Probably the best-known is the cumdach for the Cathach of St. Columba, an important psalter which in fact seems to date from just after the death of Columba or Colum Cille in 597, but is still probably the earliest Irish book to survive and a very prestigious relic. It belonged to the O'Donnell dynasty and was famously carried by them as a battle standard (Cathach means "Battler") in its cumdach (NMI, R2835, 25.1 cm wide), hung round the neck. The initial work on the case was done between 1072 and 1098 at Kells, but a new main face was added in the 14th century with a large seated Christ in Majesty flanked by scenes of the Crucifixion and saints in gilt repoussé (NMI R2835, 25.1 cm wide).[11]

Another cumdach used in battle was that of the Moisach, from Clonmany, County Donegal, whose metal cord survives for carrying it, probably round the neck. Originally late 11th century, it was recovered in 1534 with repoussé silver decoration with many figures round a cross (NMI 2001:84, 25 cm wide). The manuscript inside was originally associated with St Cairneach of Dulane, County Meath, but by the Gothic period had been "absorbed into the cult of St Columba".[12]

The cumdach of the Book of Dimma is from the 12th century, again with a reproduction in New York.[13] On one face it has panels of openwork decoration in Viking Ringerike style. Like the manuscript, it is in Trinity College Library, Dublin.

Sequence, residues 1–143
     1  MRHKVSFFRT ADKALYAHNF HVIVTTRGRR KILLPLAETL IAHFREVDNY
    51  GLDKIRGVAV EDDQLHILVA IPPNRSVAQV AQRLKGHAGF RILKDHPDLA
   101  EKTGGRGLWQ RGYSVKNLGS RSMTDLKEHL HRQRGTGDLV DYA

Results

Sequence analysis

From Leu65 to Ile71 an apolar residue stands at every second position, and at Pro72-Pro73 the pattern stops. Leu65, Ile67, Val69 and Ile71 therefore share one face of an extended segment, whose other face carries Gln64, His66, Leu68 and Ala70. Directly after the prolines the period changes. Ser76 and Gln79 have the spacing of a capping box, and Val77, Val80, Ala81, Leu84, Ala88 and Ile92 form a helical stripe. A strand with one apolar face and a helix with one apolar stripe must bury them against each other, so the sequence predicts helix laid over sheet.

Stowe Missal[edit]

Modern replica of the older face of the Stowe Missal cumdach.

The Stowe Missal of about 750 retains its cumdach, with metalwork plaques attached with nails to a wooden core of oak (NMI 1883:614a, 18.7 cm high, 15.8 wide). The metalwork is elaborately decorated, with some animal and human figures, and one face and the sides probably date to between 1027 and 1033, on the basis of inscriptions recording its donation and making, while the other face is later, and can be dated to about 1375, again from its inscriptions.[14]

The older "lower" face, which is currently detached from the case, is in silver-gilt copper alloy, with a large cross inside a border that carries the inscription in Irish, which also runs along the arms of the cross. The centre of the cross was later replaced ("severely embellished" as the National Museum put it),[15] probably at the same time as the later face, by a setting for a large stone (now missing) with four lobed sections, similar to the centre of the lower face. The inscription has missing sections because of this, but can mostly be reconstructed: "It asks for a prayer for the abbot of Lorrha, Mathgamain Ua Cathail (+1037) and for Find Ua Dúngalaigh, king of Múscraige Tíre (+1033). It also mentions Donnchadh mac Briain, styled 'king of Ireland' and Mac Raith Ua Donnchada, king of the Eoganacht of Cashel (+1052) as well as the name of the maker, Donnchadh Ua Taccáin [a monk] 'of the community of Cluain (Clonmacnoise)'."[16] The four spaces between cross and border have panels of geometric openwork decoration, and there are small panels with knotwork decoration at the corners of the border and inside the curved ends of the cross members.[17]